This coin displays the head of the Seleucid King Antiochus the VIII (Grypus) on the obverse and Zeus on the reverse. Zeus is standing holding a star which represents the moon and the crescent above him is solar. The below quote sheds some light on the powers of Zeus.
Zeus, father of the Olympians, made night from mid-day, hiding the light of the shining Sun, and sore fear came upon men.
Archilochus, Greek poet, refering to the solar eclipse of April 6, 647 BC
The reign of Antiochus the VIII was between 125-96 BC and the above coin was minted in Akko-Ptolemais. Solar eclipses in 126 and 125 BC were seen in the Eastern Mediterranean around the time of his ascension to the throne. Only brief solar eclipses followed and were seen in 115 and 103 BC. Grypus tried to promote the Hedonistic lifestyle, "the good life" and is showing Zeus possibly interupting a solar eclipse. Grypus is also calling himself "God made manifest" on the reverse. At the heart of all nature worship and paganism is the worship of self. The promotion of the ability to interrupt a fearful omen in nature is a divine attribute that Antiochus the VIII is trying to communicate to the people. It is important to remember the crescent moon phases were associated with planting and harvesting. The phases of the moon were like clockwork to the ancients and common to normal events. Solar eclipses were irregular and significant with divine intervention to the uneducated population.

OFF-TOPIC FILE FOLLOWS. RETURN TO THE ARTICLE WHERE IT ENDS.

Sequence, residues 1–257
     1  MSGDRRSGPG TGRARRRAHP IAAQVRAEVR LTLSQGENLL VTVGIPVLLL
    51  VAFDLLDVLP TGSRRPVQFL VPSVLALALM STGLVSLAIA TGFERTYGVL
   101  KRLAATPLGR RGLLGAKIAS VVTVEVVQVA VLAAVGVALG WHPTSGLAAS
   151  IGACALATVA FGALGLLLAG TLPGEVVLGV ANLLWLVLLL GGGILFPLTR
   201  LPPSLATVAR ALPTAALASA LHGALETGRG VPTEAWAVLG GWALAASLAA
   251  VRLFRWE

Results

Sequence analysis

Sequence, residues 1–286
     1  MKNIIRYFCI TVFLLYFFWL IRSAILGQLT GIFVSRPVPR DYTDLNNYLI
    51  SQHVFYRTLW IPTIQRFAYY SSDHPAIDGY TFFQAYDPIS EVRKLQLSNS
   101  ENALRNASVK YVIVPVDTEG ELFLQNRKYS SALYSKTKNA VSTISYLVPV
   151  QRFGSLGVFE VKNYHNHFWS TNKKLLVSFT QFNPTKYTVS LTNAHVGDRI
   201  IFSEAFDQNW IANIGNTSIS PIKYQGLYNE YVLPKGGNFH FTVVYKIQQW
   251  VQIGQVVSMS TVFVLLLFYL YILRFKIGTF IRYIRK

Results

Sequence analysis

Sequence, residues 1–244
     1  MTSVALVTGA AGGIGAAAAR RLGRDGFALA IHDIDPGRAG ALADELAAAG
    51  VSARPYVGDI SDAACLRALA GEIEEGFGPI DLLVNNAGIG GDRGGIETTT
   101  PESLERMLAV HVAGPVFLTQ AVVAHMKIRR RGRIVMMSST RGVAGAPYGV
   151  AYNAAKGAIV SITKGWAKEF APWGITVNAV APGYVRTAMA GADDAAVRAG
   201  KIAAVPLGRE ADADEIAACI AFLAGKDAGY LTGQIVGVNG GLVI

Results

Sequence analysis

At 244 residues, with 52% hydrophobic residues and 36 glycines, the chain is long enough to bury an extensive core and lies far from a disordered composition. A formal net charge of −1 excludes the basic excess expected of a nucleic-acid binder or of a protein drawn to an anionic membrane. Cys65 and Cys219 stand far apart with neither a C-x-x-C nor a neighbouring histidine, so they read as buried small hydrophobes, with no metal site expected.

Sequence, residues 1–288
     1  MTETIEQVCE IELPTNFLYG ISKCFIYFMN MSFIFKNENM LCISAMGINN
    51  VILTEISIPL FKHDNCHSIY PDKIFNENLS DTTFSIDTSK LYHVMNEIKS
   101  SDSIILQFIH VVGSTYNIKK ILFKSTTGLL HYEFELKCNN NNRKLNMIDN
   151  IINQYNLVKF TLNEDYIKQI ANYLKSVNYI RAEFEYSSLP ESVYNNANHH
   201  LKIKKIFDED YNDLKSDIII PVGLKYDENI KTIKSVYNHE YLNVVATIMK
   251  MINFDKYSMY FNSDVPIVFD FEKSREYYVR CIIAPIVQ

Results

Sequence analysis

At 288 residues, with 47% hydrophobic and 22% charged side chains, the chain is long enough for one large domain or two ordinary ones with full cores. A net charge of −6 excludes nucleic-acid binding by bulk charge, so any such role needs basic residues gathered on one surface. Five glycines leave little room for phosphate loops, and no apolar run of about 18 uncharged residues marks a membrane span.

Photo Gitbud-Naumann Coins